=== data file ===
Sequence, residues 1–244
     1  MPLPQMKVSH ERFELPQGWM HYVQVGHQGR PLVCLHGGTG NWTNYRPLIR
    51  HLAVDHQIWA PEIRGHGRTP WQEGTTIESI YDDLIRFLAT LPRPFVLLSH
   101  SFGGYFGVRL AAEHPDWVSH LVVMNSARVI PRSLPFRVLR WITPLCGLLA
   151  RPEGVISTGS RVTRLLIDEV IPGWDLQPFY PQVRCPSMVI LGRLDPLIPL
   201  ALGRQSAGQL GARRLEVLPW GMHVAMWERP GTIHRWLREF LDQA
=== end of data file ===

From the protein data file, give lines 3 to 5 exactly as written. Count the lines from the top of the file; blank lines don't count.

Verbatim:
    51  HLAVDHQIWA PEIRGHGRTP WQEGTTIESI YDDLIRFLAT LPRPFVLLSH
   101  SFGGYFGVRL AAEHPDWVSH LVVMNSARVI PRSLPFRVLR WITPLCGLLA
   151  RPEGVISTGS RVTRLLIDEV IPGWDLQPFY PQVRCPSMVI LGRLDPLIPL